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The Glen will test 'road' warrior Bowyer
WATKINS GLEN, N.Y.
When contemplating the odds of Sprint Cup drivers at Watkins Glen, certainly names like Marcos Ambrose, Kyle Busch and Juan Pablo Montoya come to mind.
Heck, if Tony Stewart wasn’t laid up in a hospital bed recuperating from a broken leg, his five victories would have him in the mix as well. And with four wins, Jeff Gordon is a venerable opponent too.
But Clint Bowyer?
“Clint’s one of those guys that is just a solid race-car driver everywhere you go, and I think his diversity with his dirt-track experience and different types of cars shows his talents, and he’s a very talented race car driver,” Gordon said. “It also shows by (Michael Waltrip Racing teammate) Martin’s (Truex Jr.) victory out in Sonoma and Clint’s strong finish here last year that their road-course program is improving as well.
“You take talented drivers, good race cars and an effort towards road-course racing and you’re going to see results. I look for them to be strong again this weekend.”
As road courses go, Bowyer is “not quite as confident” here as he is at Sonoma, where he’s won and posted five top-five finishes in eight starts with an average finish of 9.1. But in his first season at MWR, Bowyer won at Sonoma and posted his first top-five finish at the Glen.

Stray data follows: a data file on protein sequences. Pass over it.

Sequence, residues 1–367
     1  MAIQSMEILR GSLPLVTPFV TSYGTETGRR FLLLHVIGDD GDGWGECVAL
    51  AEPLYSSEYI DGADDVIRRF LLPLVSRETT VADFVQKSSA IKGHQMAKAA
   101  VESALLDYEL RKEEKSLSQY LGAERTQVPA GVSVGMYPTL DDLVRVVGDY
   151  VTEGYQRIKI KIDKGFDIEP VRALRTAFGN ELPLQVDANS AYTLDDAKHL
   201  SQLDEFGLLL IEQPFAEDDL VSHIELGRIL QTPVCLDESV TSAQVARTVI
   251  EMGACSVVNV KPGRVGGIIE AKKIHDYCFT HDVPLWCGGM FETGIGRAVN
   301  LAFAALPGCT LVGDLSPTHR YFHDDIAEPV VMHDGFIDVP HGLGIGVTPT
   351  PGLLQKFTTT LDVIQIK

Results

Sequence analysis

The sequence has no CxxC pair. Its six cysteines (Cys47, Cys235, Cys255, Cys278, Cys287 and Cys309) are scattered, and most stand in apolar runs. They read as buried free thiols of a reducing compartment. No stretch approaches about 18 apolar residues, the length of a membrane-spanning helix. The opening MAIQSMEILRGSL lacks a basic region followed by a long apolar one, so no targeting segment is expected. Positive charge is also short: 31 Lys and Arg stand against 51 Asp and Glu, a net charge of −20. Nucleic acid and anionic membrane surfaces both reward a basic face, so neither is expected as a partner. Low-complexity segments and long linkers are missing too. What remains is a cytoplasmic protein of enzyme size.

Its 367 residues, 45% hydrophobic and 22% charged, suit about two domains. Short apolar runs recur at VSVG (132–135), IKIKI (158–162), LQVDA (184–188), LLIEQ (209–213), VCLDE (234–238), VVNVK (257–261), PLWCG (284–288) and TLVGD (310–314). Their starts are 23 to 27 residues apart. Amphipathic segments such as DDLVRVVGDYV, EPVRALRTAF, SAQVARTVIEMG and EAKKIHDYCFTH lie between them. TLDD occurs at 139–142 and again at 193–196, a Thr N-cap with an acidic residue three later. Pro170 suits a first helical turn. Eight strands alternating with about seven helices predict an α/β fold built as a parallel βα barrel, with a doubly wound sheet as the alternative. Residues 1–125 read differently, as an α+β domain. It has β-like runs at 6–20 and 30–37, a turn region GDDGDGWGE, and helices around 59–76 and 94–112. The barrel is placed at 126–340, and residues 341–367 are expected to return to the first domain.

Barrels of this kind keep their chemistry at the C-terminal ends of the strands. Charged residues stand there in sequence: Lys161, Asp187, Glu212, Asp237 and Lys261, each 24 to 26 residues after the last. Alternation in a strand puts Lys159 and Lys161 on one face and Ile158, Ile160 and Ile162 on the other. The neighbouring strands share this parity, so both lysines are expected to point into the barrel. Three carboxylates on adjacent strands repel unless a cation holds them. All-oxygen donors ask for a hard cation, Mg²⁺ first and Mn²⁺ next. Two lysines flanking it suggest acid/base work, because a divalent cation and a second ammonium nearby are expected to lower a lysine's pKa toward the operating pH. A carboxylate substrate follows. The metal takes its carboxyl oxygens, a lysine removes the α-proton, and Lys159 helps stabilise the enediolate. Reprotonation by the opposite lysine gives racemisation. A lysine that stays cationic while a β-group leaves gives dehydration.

MWR’s road-course program had made vast improvements before Bowyer arrived last year. In 2009, MWR’s technical alliance with Ambrose and JTG Racing “elevated” it significantly, according to Truex.
“They spent a lot of time testing different things, and road racers kind of have a different mentality when it comes to tuning on the car and the little things that you need to work on — transmission things and brakes and stuff,” Truex said.
“He definitely really led us in the right direction without a doubt, and as soon as I came there — Sonoma had never been a really good track for me — as soon as I went to MWR, right off the bat I think the first year we were really fast.''
Although Bowyer posted a career-high fourth-place finish at Watkins Glen last year, he still feels there is room for improvement, and, he said sarcastically, to “go through the corners faster and brake quicker.”
“It’s certainly a place where I as a driver need to get better, but having a good car and a good team behind you certainly helps to overcome at one of my worst race tracks,” Bowyer said. “I’m optimistic going in there.''
Bowyer is currently second in the point standings. He trails point leader Jimmie Johnson by 77. But with six races remaining before the Chase, every point counts.
“We’ve been good all year long and before (Pocono, Indianapolis and Loudon) we had three top-five’s in a row,” Bowyer said. “We’ve been a strong team and a strong organization since the beginning of last year. Certainly, really proud of where we’re at, but obviously we need to get a little bit better. We’ll slowly perfect our program as we get closer to the Chase and hit this baby in full stride so we can compete for the championship.”
OOPS, I DID IT AGAIN ...